Hot Tactics from Another Region Can Shine on Your Own Home Waters
It is great fun every Saturday morning to do the “Fish Talk With The Doc” segment on the Outdoor Journal Radio Show with Angelo Viola and Pete Bowman.
And this past Saturday’s show was no exception. (Listen to our talk by using the player below.)
Ang had been snooping around my Facebook page earlier in the week and noticed that a reader had posted a question asking me, if I could only use one lure on the Bay of Quinte to catch walleyes, what one would it be.
It sparked a great discussion, because I mentioned that it would be a lipless crankbait like the LiveTarget Golden Shiner or Rapala Clackin’ Rap if I was specifically targeting the trophy walleye of a lifetime.
On the other hand, if I was fishing for numbers of walleyes, I’d likely tie on either a Rapala Jigging Rap or Snap Rap with the bottom treble adorned with a minnow head.
The specific lures, however, were not the focus of this morning radio discussion. What we talked about, instead, was always being current with new fishing techniques and new fishing products.
More importantly, still, I’ve found it to be amazingly productive over the years to take regional techniques and apply them to new waters.
Case in point: thanks to Manitoba walleye ice fishing ace and good friend, Roger Stearns, I was lucky, more than a decade ago now, to get in on the earliest stages of the lipless crankbait walleye bite on Lake Winnipeg.
Unless you’ve been living in a cave for the past 10 years, you know that Lake Winnipeg today is the unsurpassed trophy walleye ice fishery on the planet. It is simply unbelievable how many 10-, 11-, 12- and 13-pound greenbacks are being caught every day on the massive waterbody. Simply unbelievable. And as often as not, a noisy, rattling, lipless crankbait is the best lure you can use.
In fact, I would just about guarantee that if you went out and sampled 1000 walleye anglers on Lake Winnipeg this minute, that at least 900 of them will have a rod rigged with a lipless crankbait.
But, get off Lake Winnipeg and the further away you travel, the fewer walleye anglers you see using the technique. That is a big mistake.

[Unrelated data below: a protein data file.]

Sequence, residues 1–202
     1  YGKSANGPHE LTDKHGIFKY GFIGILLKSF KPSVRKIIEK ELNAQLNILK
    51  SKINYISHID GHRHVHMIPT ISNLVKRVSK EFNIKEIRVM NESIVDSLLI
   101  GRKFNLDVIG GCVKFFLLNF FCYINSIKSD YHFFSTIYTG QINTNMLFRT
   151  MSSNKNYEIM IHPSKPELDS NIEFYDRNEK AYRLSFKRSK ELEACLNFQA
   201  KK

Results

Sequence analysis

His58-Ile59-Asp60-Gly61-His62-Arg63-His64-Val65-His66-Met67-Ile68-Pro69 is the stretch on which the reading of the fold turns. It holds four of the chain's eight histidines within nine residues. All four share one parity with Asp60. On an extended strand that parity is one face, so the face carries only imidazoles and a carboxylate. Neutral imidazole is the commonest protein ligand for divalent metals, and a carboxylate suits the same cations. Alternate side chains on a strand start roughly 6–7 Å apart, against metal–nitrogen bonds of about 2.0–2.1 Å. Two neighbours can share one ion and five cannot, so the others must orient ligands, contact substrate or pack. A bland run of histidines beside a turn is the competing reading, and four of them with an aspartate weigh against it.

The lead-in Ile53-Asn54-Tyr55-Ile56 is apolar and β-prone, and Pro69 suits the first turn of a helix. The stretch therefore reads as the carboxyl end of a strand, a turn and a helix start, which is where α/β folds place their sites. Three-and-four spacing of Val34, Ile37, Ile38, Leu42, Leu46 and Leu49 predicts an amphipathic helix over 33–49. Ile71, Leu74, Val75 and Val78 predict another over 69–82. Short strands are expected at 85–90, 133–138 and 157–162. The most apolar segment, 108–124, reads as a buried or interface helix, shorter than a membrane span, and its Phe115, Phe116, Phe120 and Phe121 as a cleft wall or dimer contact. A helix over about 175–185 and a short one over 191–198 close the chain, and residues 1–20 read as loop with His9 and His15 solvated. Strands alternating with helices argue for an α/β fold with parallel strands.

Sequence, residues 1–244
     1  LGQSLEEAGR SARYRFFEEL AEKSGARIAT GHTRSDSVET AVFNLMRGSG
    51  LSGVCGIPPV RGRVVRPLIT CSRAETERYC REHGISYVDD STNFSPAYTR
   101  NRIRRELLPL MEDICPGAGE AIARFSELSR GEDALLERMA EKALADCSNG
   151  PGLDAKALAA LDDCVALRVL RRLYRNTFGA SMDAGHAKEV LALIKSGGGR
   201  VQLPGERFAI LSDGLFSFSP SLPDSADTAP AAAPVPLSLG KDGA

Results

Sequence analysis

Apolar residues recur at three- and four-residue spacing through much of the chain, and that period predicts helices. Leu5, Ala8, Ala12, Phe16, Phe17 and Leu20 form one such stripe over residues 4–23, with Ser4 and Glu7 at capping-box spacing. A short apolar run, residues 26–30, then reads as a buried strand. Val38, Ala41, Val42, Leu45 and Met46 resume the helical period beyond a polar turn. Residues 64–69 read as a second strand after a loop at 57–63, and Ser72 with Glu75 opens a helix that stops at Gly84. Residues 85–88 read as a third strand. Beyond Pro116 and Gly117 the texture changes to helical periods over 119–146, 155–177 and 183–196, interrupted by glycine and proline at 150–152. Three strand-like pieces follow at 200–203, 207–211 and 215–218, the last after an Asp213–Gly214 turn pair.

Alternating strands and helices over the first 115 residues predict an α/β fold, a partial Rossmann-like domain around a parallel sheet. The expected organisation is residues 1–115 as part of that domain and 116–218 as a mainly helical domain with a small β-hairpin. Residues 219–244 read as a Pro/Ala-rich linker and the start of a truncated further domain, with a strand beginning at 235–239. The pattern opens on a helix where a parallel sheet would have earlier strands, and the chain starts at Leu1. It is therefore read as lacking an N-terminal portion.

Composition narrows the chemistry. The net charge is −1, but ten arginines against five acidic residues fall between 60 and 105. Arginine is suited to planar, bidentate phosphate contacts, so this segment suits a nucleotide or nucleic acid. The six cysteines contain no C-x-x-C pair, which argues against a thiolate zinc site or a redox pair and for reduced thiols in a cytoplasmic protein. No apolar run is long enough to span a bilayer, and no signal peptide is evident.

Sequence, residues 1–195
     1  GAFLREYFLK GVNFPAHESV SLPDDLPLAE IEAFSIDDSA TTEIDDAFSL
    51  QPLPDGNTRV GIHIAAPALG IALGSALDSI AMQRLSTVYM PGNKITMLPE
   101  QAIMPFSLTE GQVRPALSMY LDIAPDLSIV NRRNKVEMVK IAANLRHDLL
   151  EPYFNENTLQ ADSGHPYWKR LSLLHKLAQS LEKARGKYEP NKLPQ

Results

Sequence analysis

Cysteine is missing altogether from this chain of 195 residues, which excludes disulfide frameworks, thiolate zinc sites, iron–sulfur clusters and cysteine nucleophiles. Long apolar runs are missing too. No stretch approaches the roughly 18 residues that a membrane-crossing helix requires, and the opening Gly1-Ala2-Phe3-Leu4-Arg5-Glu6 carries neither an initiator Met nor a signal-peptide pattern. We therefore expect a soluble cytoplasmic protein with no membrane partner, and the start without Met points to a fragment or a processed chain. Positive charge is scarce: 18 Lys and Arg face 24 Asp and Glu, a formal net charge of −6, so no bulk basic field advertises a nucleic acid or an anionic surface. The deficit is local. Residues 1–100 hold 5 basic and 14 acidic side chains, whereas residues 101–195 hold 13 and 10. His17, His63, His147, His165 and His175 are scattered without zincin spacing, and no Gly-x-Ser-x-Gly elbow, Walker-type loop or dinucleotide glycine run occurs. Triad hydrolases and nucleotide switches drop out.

Here is Roger with one of his “pet” LiveTarget Golden
In fact, as Ang, Pete and I discussed the other morning – when you take a hot regional technique to new waters, you often do better than you would on the very lake where the technique was developed.
Understand what I am saying?
On Lake Winnipeg today, so many anglers are jigging lipless crankbaits, that I bet the walleyes can tell you the precise make, model and price for the lure at Cabelea’s.
That is not the case, however, at, say, the Bay of Quinte where the walleyes haven’t been pummelled with the lures like they have on Lake Winnipeg. They haven’t been conditioned to the sound, shape, and vibration of the lures.
So, they often produce even better.
Tell you another story. Through a good friend and tournament partner of mine, the late John Vandivier, I became friends with California’s Dana Rosen back in the late 1980s, just after Dana set the all-time, one day record, for a five bass tournament limit.
I forget the exact amount that Dana and his partner weighed in, but it was an absolute ridiculous amount – something like 65- or 70-pounds for five largemouth.
An incredible weight!
And he caught the fish throwing huge 12- and 14-inch long soft plastic hand-poured swimbaits.
To make a long story short, the minute I saw the baits I knew they’d be dynamite for muskies and northern pike. So, Dana and John flew up to Kenora to visit me and we spent the better part of a week in the fall fishing for big toothy critters using the same humongous soft plastic swimbaits that Dana had used to set the tournament bass record.
The results were shocking. We caught giant muskies and northern pike like there was no tomorrow.
In retrospect, I wish now that I’d kept it all under wraps, but I wrote about the lures and the technique in both Outdoor Canada and In-Fisherman Magazines and it sparked a revolution of sorts.
In fact, today, you’ll find giant soft plastic swimbaits in just about every muskie, northern pike and lake trout anglers’ tackle boxes. But let me tell you, if you were in on the secret 25 – 30 years ago, you simply cannot imagine how good it was to take a California big bass technique and use it for muskies and pike in Northwestern Ontario.
So, start thinking about all of those off-the-wall regional techniques that you’ve been hearing about and give them a try this winter – or upcoming open water season.
In fact, on that note, I am going to be participating in the special Bass Talk being held on Monday, February 16th at the Spring Fishing and Boat Show at the International Centre in Toronto.